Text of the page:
Sunday, February 6, 2011

Searching filesystem from command line

 There are several commands available on the command line to locate files and folders on the file system. This article reviews three of them, viz whereis ,locate. find.

1) whereis
This command can search for  the binary, source, and manual page files for a comand

         $ whereis  whereis
            whereis: /usr/bin/whereis /usr/share/man/man1/whereis.1.gz

2) locate:   locate uses a database created by an updatedb to efficiently locate files. Works great, assuming your database is updated often enough to be reasonable upto date. Most boxes using locate have the updatedb occuring in cron.  On my ubuntu box, I got a long list of files when I tried to locate  command.   RTFM locate

$locate locate

3)  find:      find is perhaps one of the most powerful commands there is.   However, find is slow compared to locate as it  recursively search the paths supplied to  it. 

    The syntax of find is specified like this.      
find path-list expression
It may look rather cryptic. 
Even though the man page lists only three  parts for the command as above,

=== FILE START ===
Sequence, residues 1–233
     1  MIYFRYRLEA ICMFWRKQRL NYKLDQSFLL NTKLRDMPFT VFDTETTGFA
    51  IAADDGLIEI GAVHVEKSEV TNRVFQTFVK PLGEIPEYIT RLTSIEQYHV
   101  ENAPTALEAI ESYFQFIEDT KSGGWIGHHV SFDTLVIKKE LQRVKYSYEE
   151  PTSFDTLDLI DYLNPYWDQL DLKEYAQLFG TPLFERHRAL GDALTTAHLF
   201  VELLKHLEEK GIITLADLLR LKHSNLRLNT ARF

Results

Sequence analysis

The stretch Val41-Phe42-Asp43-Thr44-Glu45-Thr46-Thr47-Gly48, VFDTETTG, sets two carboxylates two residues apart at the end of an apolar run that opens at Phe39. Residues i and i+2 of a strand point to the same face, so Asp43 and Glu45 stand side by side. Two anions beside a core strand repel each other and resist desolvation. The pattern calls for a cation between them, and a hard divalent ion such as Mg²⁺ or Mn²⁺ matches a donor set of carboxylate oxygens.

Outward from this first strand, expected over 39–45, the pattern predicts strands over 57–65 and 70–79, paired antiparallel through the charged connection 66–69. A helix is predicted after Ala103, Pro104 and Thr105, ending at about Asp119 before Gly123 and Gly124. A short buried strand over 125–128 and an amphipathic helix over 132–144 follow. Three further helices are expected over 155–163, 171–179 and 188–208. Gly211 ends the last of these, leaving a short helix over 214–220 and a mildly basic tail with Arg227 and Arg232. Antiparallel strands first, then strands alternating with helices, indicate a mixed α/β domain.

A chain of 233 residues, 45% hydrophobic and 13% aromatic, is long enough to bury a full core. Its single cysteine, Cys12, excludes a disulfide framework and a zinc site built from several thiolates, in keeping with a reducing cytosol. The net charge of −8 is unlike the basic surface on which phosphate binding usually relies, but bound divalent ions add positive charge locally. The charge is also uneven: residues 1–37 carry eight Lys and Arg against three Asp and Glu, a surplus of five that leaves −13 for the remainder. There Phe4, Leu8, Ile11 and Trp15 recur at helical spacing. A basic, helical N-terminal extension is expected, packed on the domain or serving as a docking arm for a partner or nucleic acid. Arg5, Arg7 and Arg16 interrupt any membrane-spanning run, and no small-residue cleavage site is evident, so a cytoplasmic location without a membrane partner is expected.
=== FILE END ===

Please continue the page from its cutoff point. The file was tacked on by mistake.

for simplicity  we can imagine  that  find  syntax  is havng  four fields.               
1 2 3 4
find starting point find which files action on result
You can formulate your find command based on the above table. For example,
  if you want to find all  avi files in a folder named movies  

1 2 3 4
find  movies -name "*.avi"  -print
      $find  movies   -name "*.avi"  -print
Here are some examples you can try

a) to find all directories on the system whose permissions of 777

     $   find / \( -type d -a -perm -777 \) -print

b) find all core files in home directories and remove them

     $    find /home -name core -exec rm {} \;

c) find all files owned by a particular user no matter whose home directory they are in:

    $  find /home -user -print

d) find all files that have been modified (or had their modification time changed) in the last 30 days:

       $ find / -mtime -30 -print

e) find all tmp files older than 30 days and remove:

      $ find /dirpath \( -name \*.tmp -a -mtime +30 \) -exec rm {} \;

The man page of find has several other option that you can try.

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